As an educator who has remained in the classroom for in-person instruction through the COVID-19 pandemic, I cannot express my sincere gratitude for every person involved in the herculean task to bring a vaccine online on a timescale never before witnessed. It is truly astonishing, and the vaccine is our pathway toward a resumption of “normalcy” in our communities including our schools.
But is the return to a status-quo prior to COVID-19 in Idaho’s schools really something we want? For all the devastation COVID-19 has caused, it also provides our public schools with a unique opportunity to reinvent themselves stronger and more robust than prior to the pandemic.
Let’s start with counseling services for our students in schools. We know that when many students finally return to in-person instruction after an isolating experience with distance learning, they are likely to need more counseling support than ever before. The American School Counselor Association advises that the ratio between students and school counselors be no more than 250 students per counselor, yet Idaho ranks among the nation’s worst with a ratio of 549 to one. Do we really want to return to that norm?
Let’s talk about class size. Many schools in Idaho made the decision to break their student bodies into two cohorts and only have half of the students in attendance daily to accommodate for physical distancing within the classroom. While I would very much like to see every one of my students every single school day, I must remark on the difference that having fewer bodies than minutes in the class period makes in teaching and learning.
It turns out that being able to get to each student’s question in a timely manner and having the ability to assess each student’s work in real-time has a major impact on students’ learning. Who would have thought? Do we really want to return to packed classrooms in our state?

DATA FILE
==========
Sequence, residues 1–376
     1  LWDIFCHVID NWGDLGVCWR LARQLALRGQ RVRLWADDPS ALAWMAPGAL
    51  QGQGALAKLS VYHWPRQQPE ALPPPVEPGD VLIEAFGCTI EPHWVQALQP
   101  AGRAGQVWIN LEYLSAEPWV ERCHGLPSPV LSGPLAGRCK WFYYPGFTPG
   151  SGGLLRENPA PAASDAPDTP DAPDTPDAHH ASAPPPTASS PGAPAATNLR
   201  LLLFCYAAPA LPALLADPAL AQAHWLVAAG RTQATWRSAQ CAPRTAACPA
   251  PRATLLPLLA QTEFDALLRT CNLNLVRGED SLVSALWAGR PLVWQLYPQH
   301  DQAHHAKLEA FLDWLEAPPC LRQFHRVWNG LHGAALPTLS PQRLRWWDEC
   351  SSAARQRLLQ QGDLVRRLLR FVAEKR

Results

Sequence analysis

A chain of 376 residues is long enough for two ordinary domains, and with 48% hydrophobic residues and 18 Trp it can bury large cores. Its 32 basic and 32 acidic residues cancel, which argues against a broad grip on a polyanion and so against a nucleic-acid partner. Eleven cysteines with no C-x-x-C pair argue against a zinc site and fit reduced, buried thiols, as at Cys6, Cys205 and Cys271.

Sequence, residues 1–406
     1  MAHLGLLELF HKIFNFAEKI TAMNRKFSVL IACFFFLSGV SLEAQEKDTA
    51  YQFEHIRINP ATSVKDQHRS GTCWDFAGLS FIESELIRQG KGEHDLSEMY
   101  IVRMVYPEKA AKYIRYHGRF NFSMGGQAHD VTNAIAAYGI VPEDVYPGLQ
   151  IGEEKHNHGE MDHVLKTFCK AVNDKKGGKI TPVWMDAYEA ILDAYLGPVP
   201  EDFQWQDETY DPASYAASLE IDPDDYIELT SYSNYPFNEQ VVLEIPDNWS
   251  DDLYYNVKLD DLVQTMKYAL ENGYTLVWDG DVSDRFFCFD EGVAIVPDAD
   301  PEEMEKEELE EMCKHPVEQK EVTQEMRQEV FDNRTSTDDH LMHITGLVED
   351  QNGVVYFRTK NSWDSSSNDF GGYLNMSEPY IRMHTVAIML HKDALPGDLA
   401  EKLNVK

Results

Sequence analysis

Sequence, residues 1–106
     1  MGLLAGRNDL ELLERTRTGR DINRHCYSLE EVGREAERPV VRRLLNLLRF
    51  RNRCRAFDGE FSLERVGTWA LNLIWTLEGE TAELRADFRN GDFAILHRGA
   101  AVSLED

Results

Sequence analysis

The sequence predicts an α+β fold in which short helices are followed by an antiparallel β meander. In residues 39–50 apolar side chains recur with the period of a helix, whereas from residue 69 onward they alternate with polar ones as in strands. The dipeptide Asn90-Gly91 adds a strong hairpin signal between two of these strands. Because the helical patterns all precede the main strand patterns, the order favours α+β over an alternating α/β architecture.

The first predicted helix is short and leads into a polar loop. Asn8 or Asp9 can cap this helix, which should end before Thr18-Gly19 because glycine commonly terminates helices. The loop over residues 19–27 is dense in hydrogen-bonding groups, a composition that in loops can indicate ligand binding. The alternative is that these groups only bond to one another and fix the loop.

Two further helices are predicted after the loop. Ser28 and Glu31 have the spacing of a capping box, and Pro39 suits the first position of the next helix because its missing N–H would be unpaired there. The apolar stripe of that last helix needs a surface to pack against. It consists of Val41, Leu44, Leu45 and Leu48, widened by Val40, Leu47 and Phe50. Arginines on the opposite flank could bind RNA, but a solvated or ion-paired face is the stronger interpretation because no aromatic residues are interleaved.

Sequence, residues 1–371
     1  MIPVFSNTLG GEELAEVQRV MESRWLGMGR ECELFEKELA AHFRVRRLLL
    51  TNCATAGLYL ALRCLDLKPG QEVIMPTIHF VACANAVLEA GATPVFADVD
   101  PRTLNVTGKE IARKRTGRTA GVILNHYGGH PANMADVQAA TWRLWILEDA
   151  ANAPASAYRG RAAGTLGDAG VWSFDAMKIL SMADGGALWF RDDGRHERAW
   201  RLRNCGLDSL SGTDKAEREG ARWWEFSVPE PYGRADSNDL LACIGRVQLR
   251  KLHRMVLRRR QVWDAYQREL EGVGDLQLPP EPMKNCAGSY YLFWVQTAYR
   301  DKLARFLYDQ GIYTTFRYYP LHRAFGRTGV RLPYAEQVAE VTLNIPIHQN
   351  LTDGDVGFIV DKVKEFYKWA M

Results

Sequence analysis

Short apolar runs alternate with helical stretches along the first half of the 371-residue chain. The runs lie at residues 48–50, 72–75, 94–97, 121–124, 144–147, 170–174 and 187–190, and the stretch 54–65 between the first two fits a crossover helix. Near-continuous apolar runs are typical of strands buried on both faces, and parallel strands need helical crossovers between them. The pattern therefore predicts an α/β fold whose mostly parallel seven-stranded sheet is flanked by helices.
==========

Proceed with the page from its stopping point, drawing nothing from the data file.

The value of an up-to-date textbook was highlighted with the arrival of COVID-19. Unfortunately, it is far too common in the Gem State for instructors to have a single class-set of textbooks for the course instead of a text for each student. Without a text for each student, teachers made do with hodge-podge approaches to facilitate distance learning. Our students deserve better than a class-set of texts that have not been updated in a decade.
As if there was ever any doubt that school nurses are heroes in their own right, the pandemic deeply exposed the disparity between schools in full-time staffing of these professionals. Far too many schools in Idaho have only a part-time — or even no nurse — for their students. This reality means that untrained and uncertified staff are often asked to distribute medication, respond to emergencies, treat injuries, quarantine students with possible COVID-19 symptoms, perform contact tracing, etc. I don’t think anyone wants to continue that norm.
This list, of course, could continue. COVID-19, of course, didn’t cause any of these shortcomings prior to its arrival, but it sure did a good job putting the spotlight on each and every one of these faults in our public school system. But it also provides us with a once in a lifetime opportunity to reshape public education.
We can choose to come out of this pandemic with public schools finally resourced and equipped to meet our students’ needs. Or we can choose to go back to the same. I know what my choice is.